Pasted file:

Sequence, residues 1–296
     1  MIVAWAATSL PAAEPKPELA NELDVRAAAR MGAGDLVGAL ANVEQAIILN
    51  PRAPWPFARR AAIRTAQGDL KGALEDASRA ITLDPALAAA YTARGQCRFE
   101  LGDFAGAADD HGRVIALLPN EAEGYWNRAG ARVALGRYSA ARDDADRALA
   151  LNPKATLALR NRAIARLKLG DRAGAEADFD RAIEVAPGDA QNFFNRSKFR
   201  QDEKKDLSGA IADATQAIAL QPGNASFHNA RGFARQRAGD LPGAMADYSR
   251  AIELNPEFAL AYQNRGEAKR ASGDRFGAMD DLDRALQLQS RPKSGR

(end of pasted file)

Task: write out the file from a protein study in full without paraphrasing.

Sequence, residues 1–296
     1  MIVAWAATSL PAAEPKPELA NELDVRAAAR MGAGDLVGAL ANVEQAIILN
    51  PRAPWPFARR AAIRTAQGDL KGALEDASRA ITLDPALAAA YTARGQCRFE
   101  LGDFAGAADD HGRVIALLPN EAEGYWNRAG ARVALGRYSA ARDDADRALA
   151  LNPKATLALR NRAIARLKLG DRAGAEADFD RAIEVAPGDA QNFFNRSKFR
   201  QDEKKDLSGA IADATQAIAL QPGNASFHNA RGFARQRAGD LPGAMADYSR
   251  AIELNPEFAL AYQNRGEAKR ASGDRFGAMD DLDRALQLQS RPKSGR